Monica Seles knew that everything had changed when Johnny Carson turned up at the victory party to celebrate her winning the French Open 30 years ago.
At 16 she had just become the youngest Grand Slam champion in history. The world, including the legendary chat show host, wanted to know her name. The venue was Paris’s splendid Hotel de Crillon, and among all the adults who surrounded her was American TV royalty.
‘Mr McCormack (Mark, founder of management giants IMG) threw a beautiful party for me that night. Johnny Carson was there and it stands out, as I always liked his show,’ says Seles. ‘I remember him telling me, “Monica, your life will never be the same”. And I thought “Woah, that’s a big statement”.’
This time 30 years ago, Seles was on a 36-match winning streak which was, on June 9, to include defeating Steffi Graf to win the final at Roland Garros. It was a lot to take in for a girl who had grown up learning tennis with her father over a makeshift net in a car park in Novi Sad, a city in the former Yugoslavia that is now in Serbia.
On the night of victory she recalls going out to take some air on the Crillon’s stately balcony that overlooks the Place de la Concorde. If she felt slight trepidation amid the joy that was understandable enough, because becoming a teenage superstar was no pathway to an easy life. It seldom is.
In a rare interview, Seles looks back on the maelstrom of a crazy month that saw her sweep the whole clay court season of 1990.
These days she uses the wisdom and experience accumulated from an extraordinary life to mentor female athletes and other young women. She admires Coco Gauff and praises her recent decision to go public about the stresses and anxieties that have accompanied her rise to stardom.
Now 46 and living in Florida, Seles feels the atmosphere is more healthy for a teenage phenomenon than when she or Jennifer Capriati — who she beat in a famous semi-final that year in Paris — were struggling to navigate it all.
‘We were two young kids under extraordinary pressure trying to figure it out and with not many people to talk to,’ she tells Sportsmail.
For all of that duo’s eventual tribulations, this was a golden era for women’s tennis. There was the ageing great Martina Navratilova, the calm steel of the brilliant Graf, who had a glamorous semi-rival in Gabriela Sabatini. Arantxa Sanchez was the plucky challenger and Capriati was staggeringly good for a 14-year-old.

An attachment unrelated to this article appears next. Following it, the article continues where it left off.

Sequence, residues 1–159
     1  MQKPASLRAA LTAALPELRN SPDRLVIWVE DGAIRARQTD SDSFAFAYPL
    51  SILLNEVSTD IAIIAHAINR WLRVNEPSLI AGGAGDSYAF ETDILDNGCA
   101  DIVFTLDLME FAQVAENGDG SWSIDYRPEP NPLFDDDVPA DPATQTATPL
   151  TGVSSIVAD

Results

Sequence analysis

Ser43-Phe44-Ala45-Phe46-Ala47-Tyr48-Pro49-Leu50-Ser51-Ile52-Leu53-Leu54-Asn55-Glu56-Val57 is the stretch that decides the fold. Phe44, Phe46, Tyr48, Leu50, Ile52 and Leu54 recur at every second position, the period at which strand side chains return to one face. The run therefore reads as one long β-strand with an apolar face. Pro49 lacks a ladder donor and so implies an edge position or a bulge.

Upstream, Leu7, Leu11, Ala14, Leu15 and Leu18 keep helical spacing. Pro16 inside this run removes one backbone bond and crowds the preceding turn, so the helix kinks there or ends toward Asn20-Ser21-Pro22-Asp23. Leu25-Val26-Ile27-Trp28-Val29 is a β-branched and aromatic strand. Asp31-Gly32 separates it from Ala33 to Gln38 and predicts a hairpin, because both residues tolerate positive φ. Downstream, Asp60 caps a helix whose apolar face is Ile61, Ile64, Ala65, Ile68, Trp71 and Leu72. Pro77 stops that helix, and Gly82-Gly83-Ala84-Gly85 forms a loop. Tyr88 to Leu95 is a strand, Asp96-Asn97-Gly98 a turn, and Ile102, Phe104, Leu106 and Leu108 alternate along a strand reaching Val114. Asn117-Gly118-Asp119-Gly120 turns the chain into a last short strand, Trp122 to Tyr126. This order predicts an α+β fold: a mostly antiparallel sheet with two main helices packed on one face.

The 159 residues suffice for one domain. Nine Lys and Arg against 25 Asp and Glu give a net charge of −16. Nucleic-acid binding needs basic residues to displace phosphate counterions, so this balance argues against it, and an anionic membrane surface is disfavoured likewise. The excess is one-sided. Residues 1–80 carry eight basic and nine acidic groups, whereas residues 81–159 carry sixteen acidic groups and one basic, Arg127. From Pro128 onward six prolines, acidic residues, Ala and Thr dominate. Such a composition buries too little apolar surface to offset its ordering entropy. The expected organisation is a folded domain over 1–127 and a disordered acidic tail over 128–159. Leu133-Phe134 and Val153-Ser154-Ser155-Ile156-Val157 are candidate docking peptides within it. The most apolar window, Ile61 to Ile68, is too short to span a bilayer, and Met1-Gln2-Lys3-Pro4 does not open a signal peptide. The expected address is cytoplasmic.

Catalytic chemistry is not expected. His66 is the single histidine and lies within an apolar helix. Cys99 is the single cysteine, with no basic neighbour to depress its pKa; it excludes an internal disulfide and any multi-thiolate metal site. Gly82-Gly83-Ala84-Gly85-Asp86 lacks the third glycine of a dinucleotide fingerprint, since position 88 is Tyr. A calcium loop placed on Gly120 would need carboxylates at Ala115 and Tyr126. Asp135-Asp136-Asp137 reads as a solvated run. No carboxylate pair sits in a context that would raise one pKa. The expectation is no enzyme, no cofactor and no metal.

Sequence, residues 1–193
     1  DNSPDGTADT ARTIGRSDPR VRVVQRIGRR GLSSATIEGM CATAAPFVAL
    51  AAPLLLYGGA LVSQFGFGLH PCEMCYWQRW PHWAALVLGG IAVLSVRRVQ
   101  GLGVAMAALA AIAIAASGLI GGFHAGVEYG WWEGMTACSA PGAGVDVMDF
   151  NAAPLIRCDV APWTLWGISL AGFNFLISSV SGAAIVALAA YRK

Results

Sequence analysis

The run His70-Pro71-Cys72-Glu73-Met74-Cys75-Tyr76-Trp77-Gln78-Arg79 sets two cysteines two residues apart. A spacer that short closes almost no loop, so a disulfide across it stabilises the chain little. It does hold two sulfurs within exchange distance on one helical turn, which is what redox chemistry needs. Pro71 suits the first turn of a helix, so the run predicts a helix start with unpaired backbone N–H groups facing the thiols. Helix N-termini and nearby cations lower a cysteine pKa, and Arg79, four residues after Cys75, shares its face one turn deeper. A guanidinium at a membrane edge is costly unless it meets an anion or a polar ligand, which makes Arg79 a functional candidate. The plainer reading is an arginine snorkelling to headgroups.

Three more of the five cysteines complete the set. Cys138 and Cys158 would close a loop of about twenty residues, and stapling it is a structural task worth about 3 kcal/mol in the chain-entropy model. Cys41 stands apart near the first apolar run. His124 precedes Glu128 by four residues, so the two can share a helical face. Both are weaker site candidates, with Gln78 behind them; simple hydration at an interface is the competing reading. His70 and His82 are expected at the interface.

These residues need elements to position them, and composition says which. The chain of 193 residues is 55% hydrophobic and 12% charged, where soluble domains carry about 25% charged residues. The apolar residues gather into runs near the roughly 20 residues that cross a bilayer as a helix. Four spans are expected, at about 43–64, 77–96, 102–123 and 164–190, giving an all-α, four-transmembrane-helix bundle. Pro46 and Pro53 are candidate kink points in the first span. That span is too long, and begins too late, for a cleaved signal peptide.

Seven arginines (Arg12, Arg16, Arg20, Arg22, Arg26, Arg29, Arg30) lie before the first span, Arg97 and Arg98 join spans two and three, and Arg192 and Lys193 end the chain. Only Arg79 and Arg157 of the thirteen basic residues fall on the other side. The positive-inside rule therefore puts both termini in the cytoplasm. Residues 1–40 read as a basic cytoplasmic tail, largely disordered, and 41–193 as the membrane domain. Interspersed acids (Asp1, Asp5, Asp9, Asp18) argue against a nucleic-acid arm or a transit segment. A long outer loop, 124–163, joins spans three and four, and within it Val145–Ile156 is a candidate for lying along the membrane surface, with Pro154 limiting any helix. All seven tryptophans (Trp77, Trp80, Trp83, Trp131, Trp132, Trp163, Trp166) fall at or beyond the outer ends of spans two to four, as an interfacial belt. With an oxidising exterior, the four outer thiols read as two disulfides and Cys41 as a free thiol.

And then up came the giggling, grunting Seles. On the advice of her cartoonist father Karolj she had used the green clay courts of Nick Bollettieri’s academy in Florida to perfect the art of taking the ball on the rise, early, to hit with incredible power and accuracy.
Her winning streak had begun at the Miami Open in March that year and suddenly she began to look unstoppable on Europe’s brown dirt. She also did it without having a formal coach, having split with Bollettieri, and was essentially travelling with just her parents.
‘I’d beaten Martina in the Rome final and then Steffi in front of her home crowd in Berlin,’ she recalls. ‘It was the best I had ever played. By the time I got to Paris I worried I had peaked too early.
‘I was really nervous going into the tournament with all the expectations and the truth is I didn’t play my best there. The weather wasn’t very good that year, the balls were heavy and I just gritted it out over the fortnight.’
Nonetheless, the excitement was at fever pitch when a semi-final materialised against Capriati — two players with an aggregate age of 30. Women’s tennis seemed like the new rock ’n roll and all the great and the good of Paris wanted to be there.
‘I remember there wasn’t an empty seat in the stadium, looking round and seeing all the big guns and celebrities,’ she says. ‘It was huge pressure and we both felt it. The match was a slugfest but there was thought behind it. I knew what patterns of strokes I had to hit, which patterns would get me into trouble.
‘The thing about me and Jennifer was that whenever we played each other we gave it our all. Even if it was in an exhibition match it always seemed to be a three-setter that went three hours.’
Her 6-2, 6-2 victory was far closer than the scoreline suggested, putting her through to meet the imperious Graf. The turning point in the rain-interrupted final was the first- set tiebreak, when the German let slip a 6-2 lead, including a double fault on one of the set points.
Seles was to win 7-6, 6-4, amid tumultuous scenes.